Roam the narrow lanes of the Old Delhi constituencies of Chandni Chowk, Ballimaran and Matia Mahal, where they say it can take up to three hours by rickshaw to cover the 1 km from Jama Masjid to Chandni Chowk, walking is the fastest way of getting anywhere, and shops promising “sherwani, Indo-Western, coat pant, kurta pajama” under one roof have recently added the “Modi dress”, and two things become clear. The Congress, all but edged out of the frame in other parts of Delhi, is visible and in the reckoning here. But this time its challenger is strong.
By all accounts, in the last Delhi election in 2013, Muslims may have been attracted to the Aam Aadmi Party but they wondered about its winnability, and capacity to take on the BJP. The AAP has had to contend with the high threshold for entry of new parties in a first-past-the-post polity but this challenge has been arguably even more daunting, so far, in the Muslim constituency.
Here, Congress candidates are serial winners and larger-than-life figures with established patronage networks.
And you most frequently hear the argument for a “national” party to take on the BJP, in whose regime “bayan baazi”, or communally charged rhetoric, alongside campaigns of “love jihad” and “ghar wapsi”, have already stoked anxieties.
“Just listen to Sakshi Maharaj”, says Shah Faisal, in the footwear business in Ballimaran. “In this colony, you will hardly find someone with a second marriage, or with a large family. Our mindset has changed but they talk of 10-15 children. Let’s compete in business, not in producing children”.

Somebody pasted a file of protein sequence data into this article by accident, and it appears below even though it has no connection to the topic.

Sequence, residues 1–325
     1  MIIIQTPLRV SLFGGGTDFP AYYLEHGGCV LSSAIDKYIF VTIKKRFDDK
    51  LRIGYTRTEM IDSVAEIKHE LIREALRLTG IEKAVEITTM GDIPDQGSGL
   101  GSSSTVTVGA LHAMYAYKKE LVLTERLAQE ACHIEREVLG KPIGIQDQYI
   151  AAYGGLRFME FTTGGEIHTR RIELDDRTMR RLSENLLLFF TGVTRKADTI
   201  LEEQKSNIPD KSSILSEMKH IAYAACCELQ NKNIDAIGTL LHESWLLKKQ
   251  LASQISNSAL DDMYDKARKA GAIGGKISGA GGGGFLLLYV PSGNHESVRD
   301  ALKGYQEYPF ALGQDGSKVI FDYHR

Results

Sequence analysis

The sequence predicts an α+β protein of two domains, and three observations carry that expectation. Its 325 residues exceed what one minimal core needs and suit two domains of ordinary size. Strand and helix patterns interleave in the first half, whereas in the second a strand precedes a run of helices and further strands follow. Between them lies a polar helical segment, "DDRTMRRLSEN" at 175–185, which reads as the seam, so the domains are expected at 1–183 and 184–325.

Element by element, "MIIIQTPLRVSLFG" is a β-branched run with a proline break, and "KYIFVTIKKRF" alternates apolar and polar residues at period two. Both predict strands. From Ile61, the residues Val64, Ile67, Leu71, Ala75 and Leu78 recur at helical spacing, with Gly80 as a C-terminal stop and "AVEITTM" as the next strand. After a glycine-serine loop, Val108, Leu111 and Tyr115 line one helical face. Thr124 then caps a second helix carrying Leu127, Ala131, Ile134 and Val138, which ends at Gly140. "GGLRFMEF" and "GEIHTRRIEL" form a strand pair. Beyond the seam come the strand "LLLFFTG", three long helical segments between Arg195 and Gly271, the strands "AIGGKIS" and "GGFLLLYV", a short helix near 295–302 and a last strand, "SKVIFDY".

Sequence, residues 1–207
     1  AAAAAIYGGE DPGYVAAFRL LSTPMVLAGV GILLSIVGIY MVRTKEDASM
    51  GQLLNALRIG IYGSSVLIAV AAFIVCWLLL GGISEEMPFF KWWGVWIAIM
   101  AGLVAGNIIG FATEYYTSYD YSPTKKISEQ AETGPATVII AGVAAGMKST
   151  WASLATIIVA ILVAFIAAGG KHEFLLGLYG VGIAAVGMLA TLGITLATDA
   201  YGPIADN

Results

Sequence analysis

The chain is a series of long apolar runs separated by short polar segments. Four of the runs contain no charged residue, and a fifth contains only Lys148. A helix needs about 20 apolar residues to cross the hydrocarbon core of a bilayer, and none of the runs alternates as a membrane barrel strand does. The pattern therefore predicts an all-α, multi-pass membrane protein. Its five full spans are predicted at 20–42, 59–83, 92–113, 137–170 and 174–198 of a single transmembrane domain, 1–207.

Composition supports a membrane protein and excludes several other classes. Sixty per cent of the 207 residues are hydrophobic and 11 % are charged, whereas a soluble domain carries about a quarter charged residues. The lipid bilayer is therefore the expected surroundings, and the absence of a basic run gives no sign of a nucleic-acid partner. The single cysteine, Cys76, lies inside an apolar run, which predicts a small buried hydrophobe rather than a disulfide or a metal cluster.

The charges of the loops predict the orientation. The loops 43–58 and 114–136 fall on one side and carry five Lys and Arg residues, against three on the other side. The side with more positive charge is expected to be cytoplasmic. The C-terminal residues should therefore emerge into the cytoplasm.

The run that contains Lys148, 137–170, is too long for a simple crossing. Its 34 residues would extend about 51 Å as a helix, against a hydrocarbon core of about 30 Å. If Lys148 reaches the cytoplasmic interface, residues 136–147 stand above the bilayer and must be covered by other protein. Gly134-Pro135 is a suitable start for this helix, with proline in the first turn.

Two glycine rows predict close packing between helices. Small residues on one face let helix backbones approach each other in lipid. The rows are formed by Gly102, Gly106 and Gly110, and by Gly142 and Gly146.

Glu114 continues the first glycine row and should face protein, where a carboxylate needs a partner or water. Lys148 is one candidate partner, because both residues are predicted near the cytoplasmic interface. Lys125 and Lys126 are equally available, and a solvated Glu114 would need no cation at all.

And grizzled B. Koya Kutty, who sells floor mats, throws a question: “Does the AAP have a presence in Tamil Nadu? In Kerala?” They can only wield the broom in Delhi, he says.
Many voters in these parts point to the Congress’s “experience”, insist that “Congress ko raaj chalaana aata hai”. There was corruption in its regime, they may admit, but as Khurshid Ali, who has a small tailoring shop in Ballimaran, puts it wryly: “We also don’t have an option, we can’t vote for an American party!”
Ali believes that the communal violence in Muzaffarnagar and the “honouring onstage of the rioters” in the aftermath, have sounded a warning. He also says out loud a suspicion that has been doing the rounds: that the AAP is being propped up by the BJP to split the “Muslim” or “secular” vote. “It is a B-team of the BJP”, he says. Because “Didn’t many from the BJP sit on Anna’s stage? And hasn’t Kejriwal’s co-traveller Kiran Bedi now gone to the BJP?”
The collapse of the 49-day AAP government, and Arvind Kejriwal’s resignation only deepened this scepticism. As Mohammad Salim, who works in a cloth shop in Chandni Chowk, says, “Par woh jam nahin paaye…”, he couldn’t dig in his heels.
The big story of this election, however, could lie in the subduing, possibly even the conquering, of Muslim scepticism towards the AAP.
Parvez, an artisan, spells out the difference: “Earlier, we felt that if we didn’t vote for the Congress, the BJP would win. This time, we feel if we vote Congress, the BJP will win”. Twentysomething Wasif Ali, in the jewellery business in Matia Mahal, agrees. “I have been a Congress voter but this time I will vote AAP because the Congress is not even in the running, in the assembly or at the Centre”, he says. Many others proclaim loyalty to the incumbent MLA but add that relatives and friends have told them the AAP is doing well in other parts of the city.